What parents need to know
Parents Need to Know
Parents need to know that Ramones, the first album from Rock and Roll Hall of Fame inductees the Ramones, is an essential early punk record; many consider it the first real punk album. The Ramones, known for their four-chord assaults, combined their love of proto-punk pioneers like Iggy and the Stooges and the New York Dolls with a healthy appreciation of '50s and '60s rock 'n' roll and made something that's got as much sweetness about it as it has grit or anger. It may be off-putting to watch your kid nod and sing along to "Beat on the Brat," but it's equally cute if he or she gets into "Let's Dance." Be aware that there is some violence and a few drug references, but sex and profanity are nonexistent.
What's the story?
The Ramones were among the bands to frequent New York's famed CBGBs club in the mid-1970s, and they are often mentioned in the same breath as punk artistes such as Patti Smith, Television, and the Talking Heads, but their approach was much more \"At the Hop\" than art school. Ramones, the band's first album, is considered their best.
Is it any good?
Whether you think Ramones is "good" depends on what you want from popular music. If you love the '60s pop of Dion, the Shangri-Las. and the Ronettes, and a tough two-minute, four-chord rock 'n' roll song is your idea of fun, this album is practically perfect. In a way, the Ramones seem to have multiple personalities -- this is in part because Dee Dee Ramone and Joey Ramone shared songwriting duties. Dee Dee tended to dig into darker ideas while Joey favored an aggressive approach to more innocent subjects. The result may be an acquired taste, but it's also fist-pumping, danceable fun.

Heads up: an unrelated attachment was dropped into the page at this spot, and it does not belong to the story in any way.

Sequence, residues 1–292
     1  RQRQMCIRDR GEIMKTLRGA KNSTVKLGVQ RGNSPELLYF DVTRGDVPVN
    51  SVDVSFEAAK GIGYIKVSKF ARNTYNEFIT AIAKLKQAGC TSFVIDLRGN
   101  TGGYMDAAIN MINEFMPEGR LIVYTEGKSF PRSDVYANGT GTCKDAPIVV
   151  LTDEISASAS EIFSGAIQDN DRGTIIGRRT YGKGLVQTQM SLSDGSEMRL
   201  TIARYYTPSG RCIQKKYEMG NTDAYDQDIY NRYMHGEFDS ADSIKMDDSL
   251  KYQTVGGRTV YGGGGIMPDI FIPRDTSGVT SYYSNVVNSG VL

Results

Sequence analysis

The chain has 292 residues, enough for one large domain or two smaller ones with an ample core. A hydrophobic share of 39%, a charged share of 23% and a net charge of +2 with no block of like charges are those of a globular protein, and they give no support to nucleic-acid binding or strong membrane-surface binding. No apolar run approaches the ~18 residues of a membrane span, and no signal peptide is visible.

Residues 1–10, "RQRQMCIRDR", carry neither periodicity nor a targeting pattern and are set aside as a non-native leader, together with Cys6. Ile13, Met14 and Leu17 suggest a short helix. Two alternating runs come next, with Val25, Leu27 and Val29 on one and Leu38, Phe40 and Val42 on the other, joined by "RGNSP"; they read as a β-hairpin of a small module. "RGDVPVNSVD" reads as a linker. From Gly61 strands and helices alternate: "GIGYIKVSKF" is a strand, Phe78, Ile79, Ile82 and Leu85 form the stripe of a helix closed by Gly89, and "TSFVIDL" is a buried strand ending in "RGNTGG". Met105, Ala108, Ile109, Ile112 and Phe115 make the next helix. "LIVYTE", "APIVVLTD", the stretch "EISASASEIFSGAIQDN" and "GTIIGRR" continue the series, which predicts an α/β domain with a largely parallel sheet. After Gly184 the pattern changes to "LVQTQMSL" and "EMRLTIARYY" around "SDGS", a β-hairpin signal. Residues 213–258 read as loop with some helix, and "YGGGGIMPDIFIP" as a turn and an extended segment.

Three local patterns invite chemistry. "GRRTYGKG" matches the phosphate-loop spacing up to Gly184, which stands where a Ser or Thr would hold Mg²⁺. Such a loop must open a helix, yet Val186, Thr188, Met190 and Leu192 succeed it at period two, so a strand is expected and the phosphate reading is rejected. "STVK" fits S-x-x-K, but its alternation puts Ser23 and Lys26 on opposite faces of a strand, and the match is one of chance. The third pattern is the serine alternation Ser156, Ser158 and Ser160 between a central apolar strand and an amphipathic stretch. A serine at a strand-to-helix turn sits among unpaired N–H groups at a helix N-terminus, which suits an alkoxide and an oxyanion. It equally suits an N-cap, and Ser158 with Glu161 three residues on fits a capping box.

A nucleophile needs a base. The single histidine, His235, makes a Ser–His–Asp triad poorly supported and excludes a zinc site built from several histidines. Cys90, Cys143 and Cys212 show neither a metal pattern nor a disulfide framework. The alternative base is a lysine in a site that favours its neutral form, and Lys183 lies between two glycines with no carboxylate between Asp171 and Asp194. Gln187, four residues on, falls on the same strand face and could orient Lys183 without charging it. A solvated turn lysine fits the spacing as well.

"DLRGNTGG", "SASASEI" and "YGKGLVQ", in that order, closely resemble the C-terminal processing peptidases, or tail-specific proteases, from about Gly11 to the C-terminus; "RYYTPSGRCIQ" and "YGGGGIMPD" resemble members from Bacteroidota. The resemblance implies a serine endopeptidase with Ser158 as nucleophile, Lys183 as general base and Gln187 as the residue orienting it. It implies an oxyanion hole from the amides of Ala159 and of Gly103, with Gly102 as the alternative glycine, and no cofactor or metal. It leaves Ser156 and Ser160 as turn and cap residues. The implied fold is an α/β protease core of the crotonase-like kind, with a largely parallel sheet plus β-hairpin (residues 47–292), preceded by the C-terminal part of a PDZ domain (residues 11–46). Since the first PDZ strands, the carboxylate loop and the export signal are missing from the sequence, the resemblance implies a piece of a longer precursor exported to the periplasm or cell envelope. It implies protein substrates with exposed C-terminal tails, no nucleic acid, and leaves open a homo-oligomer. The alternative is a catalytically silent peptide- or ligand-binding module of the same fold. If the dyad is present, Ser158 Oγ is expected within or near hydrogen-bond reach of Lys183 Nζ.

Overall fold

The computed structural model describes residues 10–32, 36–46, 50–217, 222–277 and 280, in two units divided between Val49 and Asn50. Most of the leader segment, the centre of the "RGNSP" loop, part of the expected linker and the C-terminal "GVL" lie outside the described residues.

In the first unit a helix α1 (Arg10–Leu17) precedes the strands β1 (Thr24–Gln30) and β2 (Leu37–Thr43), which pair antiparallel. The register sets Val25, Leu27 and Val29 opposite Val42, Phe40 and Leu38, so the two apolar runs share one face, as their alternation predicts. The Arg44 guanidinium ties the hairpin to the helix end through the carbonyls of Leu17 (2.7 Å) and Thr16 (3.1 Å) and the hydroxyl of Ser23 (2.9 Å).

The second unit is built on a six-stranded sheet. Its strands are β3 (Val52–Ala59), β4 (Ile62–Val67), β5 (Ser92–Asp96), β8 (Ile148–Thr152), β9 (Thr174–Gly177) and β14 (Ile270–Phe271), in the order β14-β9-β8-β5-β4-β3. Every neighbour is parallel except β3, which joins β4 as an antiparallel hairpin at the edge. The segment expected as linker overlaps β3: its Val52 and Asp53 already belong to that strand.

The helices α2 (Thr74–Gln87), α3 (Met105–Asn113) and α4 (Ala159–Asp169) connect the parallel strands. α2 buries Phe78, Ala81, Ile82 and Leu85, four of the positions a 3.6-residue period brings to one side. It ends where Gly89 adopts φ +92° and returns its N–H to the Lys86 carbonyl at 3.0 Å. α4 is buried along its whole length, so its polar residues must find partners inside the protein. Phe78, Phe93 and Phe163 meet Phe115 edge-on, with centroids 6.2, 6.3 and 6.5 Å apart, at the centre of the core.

Families can talk about...
Families can talk about the Ramones' (and many punks') DIY attitude. What did it mean for this band to learn their instruments on the fly and make up their own kind of music?
Listen to the Ramones' oddball lyrics. On "Chain Saw," for example, is this track violent or tongue-in-cheek brilliant, or somewhere in between?
What's the connection between punk and early rock 'n' roll?
The Ramones took a very different approach from many of their peers (Richard Hell & the Voidoids, Television, Patti Smith, etc.). How do you think these artists are connected?